brazil oil spill
Brazil will sue mining giants for $5.2 billion after November's water dam break. Pictured: Oil barriers are placed on the mouth of the Rio Doce Nov. 20, 2015, to protect vegetation after the dam owned by Vale SA and BHP Billiton Ltd. burst. Ricardo Moraes/Reuters

A November dam break in Brazil that led to at least 13 deaths and more than 600 people displaced has now spurred a battle of the billions. Brazil is suing mining giants Vale and BHP Billiton for $5.2 billion to cover cleanup costs and damages from the environmental disaster, Agence France-Presse reported Friday. Brazil’s government will file the suit Monday.

The dam’s collapse Nov. 5 led to at least 13 deaths, 11 people missing and the release of an estimated “20,000 Olympic swimming pools of toxic mud” into the River Doce, the United Nations said in a recent report. The broken dam was operated by Samarco Mineração SA, a joint venture by Vale, a Brazilian mining operator, and BHP Billiton, an Australian mining company that's the biggest in the world by revenue. About 2,000 people work for the operator from the nearby town of Mariana, which has about 60,000 residents, the Economist noted.

A cause of the failure has yet to be determined, yet the disaster has brought attention to lax regulation by the company's and the government. "Does it have the resources to do the job?" Carlos Eduardo Pinto, a state prosecutor who led an investigation in the disaster, told Reuters. "You just have to look at the offices to know." Those offices, most notably Brazil's National Department of Mineral Production, are seen as understaffed and underfunded.

The numbers around the damages, which have yet to be fully determined, are striking. The mud released by the dam break extended about 530 miles down the river, which flows into the Atlantic Ocean. Along the shores of the river, there are at least 3,700 acres of forest.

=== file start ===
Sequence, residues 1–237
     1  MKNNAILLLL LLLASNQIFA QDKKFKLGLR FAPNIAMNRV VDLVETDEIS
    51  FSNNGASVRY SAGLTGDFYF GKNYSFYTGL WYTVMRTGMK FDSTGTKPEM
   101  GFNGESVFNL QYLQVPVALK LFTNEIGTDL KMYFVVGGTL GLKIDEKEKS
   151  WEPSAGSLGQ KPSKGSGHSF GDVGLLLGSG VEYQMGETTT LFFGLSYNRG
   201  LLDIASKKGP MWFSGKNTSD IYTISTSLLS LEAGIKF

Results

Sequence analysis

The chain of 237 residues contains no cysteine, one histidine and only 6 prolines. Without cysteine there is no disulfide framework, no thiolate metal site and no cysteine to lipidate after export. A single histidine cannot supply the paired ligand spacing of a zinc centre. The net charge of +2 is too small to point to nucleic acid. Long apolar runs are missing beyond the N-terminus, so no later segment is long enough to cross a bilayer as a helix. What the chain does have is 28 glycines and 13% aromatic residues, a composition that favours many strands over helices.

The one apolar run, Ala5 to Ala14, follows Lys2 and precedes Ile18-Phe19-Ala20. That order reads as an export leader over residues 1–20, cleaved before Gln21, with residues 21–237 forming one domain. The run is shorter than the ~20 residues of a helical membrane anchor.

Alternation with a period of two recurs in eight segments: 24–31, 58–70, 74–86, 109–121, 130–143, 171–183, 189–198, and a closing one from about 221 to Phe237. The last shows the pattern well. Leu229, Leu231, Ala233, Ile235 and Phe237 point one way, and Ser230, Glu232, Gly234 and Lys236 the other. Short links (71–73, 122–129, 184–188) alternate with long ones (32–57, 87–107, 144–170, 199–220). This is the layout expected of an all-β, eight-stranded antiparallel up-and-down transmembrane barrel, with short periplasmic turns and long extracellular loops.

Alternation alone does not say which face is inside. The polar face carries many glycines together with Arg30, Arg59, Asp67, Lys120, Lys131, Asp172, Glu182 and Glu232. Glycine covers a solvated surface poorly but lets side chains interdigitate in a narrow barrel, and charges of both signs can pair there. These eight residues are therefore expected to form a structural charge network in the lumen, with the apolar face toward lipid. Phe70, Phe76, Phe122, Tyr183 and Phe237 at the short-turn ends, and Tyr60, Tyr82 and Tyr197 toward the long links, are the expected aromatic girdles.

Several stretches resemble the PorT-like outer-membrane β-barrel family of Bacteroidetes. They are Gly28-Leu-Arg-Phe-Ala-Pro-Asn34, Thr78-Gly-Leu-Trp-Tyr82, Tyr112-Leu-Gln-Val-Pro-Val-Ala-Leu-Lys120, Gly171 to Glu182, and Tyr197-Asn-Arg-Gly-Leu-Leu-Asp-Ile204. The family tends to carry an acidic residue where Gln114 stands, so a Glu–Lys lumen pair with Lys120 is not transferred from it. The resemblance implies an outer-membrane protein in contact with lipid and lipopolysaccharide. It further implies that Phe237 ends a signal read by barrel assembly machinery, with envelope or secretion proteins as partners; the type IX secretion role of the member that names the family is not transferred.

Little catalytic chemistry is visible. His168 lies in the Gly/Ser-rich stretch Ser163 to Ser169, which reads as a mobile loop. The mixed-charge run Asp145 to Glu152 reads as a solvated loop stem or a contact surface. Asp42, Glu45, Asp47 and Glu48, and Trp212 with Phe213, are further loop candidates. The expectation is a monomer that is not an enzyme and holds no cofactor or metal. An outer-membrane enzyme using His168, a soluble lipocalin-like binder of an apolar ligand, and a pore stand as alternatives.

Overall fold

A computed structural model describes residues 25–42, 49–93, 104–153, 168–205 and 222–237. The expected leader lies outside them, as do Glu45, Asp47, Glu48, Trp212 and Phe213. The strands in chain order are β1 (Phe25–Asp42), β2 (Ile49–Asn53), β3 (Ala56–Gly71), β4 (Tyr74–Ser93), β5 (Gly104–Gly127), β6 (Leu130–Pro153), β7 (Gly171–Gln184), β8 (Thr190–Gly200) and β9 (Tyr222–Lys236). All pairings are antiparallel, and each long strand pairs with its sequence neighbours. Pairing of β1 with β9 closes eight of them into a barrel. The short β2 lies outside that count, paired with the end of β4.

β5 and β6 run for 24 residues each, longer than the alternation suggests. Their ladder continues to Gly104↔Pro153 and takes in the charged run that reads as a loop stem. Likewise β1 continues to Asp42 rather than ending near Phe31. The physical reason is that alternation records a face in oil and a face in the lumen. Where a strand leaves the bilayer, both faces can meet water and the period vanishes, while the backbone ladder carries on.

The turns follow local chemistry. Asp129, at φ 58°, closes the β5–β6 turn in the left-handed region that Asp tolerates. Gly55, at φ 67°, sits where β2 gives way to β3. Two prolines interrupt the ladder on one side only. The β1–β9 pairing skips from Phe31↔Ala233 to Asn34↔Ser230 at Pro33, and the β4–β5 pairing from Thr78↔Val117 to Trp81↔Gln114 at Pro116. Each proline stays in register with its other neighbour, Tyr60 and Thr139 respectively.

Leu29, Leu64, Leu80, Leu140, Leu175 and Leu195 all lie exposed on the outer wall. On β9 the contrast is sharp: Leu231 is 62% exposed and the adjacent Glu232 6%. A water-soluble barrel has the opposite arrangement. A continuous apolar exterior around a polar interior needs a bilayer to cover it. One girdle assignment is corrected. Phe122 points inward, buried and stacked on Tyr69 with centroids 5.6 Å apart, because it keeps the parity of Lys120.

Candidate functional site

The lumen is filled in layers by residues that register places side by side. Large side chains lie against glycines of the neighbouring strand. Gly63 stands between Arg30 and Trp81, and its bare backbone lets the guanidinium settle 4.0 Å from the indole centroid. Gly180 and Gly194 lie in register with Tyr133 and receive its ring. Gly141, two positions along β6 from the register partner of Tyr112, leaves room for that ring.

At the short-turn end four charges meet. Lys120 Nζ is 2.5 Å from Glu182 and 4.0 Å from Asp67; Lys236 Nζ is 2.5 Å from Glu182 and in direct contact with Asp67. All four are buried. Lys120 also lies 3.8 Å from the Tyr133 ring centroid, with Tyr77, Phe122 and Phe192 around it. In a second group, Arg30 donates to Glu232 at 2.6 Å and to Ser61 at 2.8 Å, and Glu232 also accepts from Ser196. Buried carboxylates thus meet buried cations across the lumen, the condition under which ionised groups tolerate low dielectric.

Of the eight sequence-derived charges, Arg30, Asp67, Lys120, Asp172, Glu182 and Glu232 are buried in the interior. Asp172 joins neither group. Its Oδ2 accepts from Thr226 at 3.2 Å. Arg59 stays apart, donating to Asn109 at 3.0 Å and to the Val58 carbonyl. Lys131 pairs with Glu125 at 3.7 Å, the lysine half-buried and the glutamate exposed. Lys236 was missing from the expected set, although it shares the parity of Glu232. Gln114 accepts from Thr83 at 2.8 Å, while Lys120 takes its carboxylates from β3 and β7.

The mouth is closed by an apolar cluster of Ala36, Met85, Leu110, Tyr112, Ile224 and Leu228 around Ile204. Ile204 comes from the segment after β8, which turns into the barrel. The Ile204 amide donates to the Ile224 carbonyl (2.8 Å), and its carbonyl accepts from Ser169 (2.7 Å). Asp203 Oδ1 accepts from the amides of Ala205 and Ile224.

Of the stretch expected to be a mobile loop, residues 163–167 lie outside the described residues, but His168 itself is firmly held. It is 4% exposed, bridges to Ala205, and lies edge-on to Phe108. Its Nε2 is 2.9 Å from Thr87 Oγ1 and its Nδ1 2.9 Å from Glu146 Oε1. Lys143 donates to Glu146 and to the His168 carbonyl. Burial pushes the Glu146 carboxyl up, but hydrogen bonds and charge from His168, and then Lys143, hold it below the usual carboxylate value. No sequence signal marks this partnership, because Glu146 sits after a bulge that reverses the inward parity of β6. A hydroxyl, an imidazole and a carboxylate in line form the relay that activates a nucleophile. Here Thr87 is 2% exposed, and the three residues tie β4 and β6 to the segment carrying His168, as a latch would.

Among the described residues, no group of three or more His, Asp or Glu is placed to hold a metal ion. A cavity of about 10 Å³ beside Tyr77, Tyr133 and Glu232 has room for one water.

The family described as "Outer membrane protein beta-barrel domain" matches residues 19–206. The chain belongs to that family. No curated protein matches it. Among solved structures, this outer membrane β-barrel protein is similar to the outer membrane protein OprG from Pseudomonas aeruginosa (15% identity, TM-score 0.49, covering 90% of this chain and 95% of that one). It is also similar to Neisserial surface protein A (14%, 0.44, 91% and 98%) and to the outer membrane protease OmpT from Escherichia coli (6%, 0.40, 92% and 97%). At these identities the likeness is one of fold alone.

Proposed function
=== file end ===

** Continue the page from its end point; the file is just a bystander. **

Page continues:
“It is not a natural disaster, it is a disaster prompted by economic activity, but of a magnitude equivalent to those disasters created by forces of nature,” Brazil’s Environment Minister Izabella Teixeira said at a news conference Friday, AFP reported. A full assessment of the damages will take up to four months, the Economist noted.

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The dam break has ignited debate over who is to blame and the extent of the damages. Brazil’s lawsuit demands will include creating a fund of 20 billion reais ($52 billion) to support environmental recovery of the area and compensation for victims, AFP reported. That fund would be supported by Vale, BHP Billiton and Samarco, the mine’s operator.

The Institute for Water Management in Minas Gerais state has reported arsenic levels in the water are more than 10 times above legal limits, ABC News wrote. However, the federal government issued a statement Thursday saying there was no "increase in the presence of heavy metals in the water and sediments” based on 40 samples taken Nov. 14-18, the Wall Street Journal reported.

Responders have gone to the area to rescue wildlife and assess damages. Nonprofit organizations have saved more than 150 animals, ABC reported.

Vale, for the first time, acknowledged Friday the idea of toxic chemicals in the flooded river. At the news conference, the Brazilian metals and mining company denied that additional toxic elements flooded into the river, the Journal reported. Instead, the company acknowledged the spill may have caused toxins already in the riverbed or along the banks to be disturbed.